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Warm Fingers Never Felt So Good – mittens from washing machine felt – Blog Advent (10)

A couple of months ago, I shared a bit of a teaser with you about working with washing machine felt, with a simple technique for making a pair of five minute fingerless gloves.

These mittens are slightly more time consuming, but still really really simple and quick, an easy little hand sewing project to do in an evening in front of the TV.  Better still, they’d make a great personal gift!

Machine felt mittens

You’ll need the following –

  • A washing machine felted sweater.  See here for details on the (easy!) process.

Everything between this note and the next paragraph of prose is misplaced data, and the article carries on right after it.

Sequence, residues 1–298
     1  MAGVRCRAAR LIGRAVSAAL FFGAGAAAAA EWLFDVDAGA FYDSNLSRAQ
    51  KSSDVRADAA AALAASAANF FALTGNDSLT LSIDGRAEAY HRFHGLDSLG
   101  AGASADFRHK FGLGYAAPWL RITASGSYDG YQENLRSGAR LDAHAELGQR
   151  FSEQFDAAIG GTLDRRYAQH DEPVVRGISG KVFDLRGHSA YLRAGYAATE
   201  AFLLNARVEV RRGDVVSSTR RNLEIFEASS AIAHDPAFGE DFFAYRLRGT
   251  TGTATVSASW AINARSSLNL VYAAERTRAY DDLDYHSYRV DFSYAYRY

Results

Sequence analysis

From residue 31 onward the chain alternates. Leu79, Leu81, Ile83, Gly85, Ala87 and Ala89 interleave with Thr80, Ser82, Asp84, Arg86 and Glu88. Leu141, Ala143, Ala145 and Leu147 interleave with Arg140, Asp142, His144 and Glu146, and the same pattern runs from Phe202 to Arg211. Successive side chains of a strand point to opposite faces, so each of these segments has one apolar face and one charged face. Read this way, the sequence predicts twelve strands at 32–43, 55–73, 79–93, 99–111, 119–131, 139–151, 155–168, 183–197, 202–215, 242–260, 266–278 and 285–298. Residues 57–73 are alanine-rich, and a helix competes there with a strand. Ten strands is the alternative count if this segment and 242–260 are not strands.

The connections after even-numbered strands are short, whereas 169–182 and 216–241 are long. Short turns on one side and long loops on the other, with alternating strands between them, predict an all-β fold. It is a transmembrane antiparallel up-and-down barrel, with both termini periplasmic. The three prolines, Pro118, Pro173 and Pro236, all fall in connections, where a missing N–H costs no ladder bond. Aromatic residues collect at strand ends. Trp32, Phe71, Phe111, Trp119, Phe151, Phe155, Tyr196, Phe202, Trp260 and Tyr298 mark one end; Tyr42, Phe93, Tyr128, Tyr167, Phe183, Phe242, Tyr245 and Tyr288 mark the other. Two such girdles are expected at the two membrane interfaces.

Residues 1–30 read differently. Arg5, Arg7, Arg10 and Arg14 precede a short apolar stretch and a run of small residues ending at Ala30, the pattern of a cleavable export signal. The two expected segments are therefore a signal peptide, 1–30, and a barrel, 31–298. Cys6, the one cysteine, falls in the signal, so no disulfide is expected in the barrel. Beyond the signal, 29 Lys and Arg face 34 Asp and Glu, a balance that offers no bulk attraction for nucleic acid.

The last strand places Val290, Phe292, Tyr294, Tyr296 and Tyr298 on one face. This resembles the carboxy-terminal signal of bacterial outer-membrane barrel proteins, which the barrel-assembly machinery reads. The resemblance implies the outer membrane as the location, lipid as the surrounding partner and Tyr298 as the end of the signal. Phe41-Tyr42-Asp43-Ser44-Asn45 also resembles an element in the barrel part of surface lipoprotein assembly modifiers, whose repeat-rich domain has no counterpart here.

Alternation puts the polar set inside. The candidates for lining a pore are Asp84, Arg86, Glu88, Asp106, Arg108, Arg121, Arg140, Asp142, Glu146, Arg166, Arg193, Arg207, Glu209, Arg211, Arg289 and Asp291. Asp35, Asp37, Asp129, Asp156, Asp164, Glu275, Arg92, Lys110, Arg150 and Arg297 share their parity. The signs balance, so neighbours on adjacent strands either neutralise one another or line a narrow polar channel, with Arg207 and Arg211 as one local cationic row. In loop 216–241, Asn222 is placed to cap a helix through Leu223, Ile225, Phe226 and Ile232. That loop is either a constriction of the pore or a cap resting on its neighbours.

• Some scrap cardboard, a pencil and scissors for the mitten template.  A tailor’s chalk pencil is useful but not essential.
  • Some thick thread for assembling your gloves.  I used some multicoloured scrap knitting yarn in contrasting / coordinating colours.  Knitting yarn, incidentally, makes really really *rubbish* sewing thread, so see if you have something better – embroidery floss would be great, or how about some really thin (3mm) ribbon? Decorative and contrasting is good – I like the effect – but you could go for something to blend into your sweater felt if you prefer.
  • A really chunky hand sewing needle.  I used one intended for use on sacking fabric with a bit of a spade-end, which makes a nice big hole in the thick felt so that the double thickness of thread passes through more easily.

TemplateTo start creating your template, draw around your hand on the cardboard.  This is the time to decide how long you want the cuffs of your mittens.  Also, I suggest you have your fingers in a relaxed position slightly apart, not all cramped together – this should make the mittens more comfy later!